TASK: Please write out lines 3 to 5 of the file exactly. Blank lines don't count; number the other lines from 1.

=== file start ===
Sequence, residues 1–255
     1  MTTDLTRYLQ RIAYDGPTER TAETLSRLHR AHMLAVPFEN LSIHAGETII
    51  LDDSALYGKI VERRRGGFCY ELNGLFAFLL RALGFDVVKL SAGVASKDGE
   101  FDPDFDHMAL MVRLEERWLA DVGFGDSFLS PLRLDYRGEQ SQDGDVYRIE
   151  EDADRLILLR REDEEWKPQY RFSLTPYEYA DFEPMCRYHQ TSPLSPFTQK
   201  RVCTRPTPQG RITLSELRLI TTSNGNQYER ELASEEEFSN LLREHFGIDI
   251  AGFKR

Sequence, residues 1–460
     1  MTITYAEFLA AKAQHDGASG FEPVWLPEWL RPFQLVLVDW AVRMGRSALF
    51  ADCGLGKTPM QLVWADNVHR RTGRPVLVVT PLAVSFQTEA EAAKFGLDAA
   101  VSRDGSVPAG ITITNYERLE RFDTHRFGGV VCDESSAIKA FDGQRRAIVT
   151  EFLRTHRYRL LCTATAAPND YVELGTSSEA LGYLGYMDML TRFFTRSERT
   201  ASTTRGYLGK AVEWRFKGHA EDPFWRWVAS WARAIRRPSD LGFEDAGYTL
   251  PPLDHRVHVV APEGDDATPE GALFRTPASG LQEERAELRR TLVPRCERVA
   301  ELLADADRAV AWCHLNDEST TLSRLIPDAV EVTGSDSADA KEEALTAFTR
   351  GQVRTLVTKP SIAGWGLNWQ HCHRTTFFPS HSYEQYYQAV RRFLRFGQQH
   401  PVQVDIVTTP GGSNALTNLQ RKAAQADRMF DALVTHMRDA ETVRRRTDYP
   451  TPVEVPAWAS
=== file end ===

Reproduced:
    51  LDDSALYGKI VERRRGGFCY ELNGLFAFLL RALGFDVVKL SAGVASKDGE
   101  FDPDFDHMAL MVRLEERWLA DVGFGDSFLS PLRLDYRGEQ SQDGDVYRIE
   151  EDADRLILLR REDEEWKPQY RFSLTPYEYA DFEPMCRYHQ TSPLSPFTQK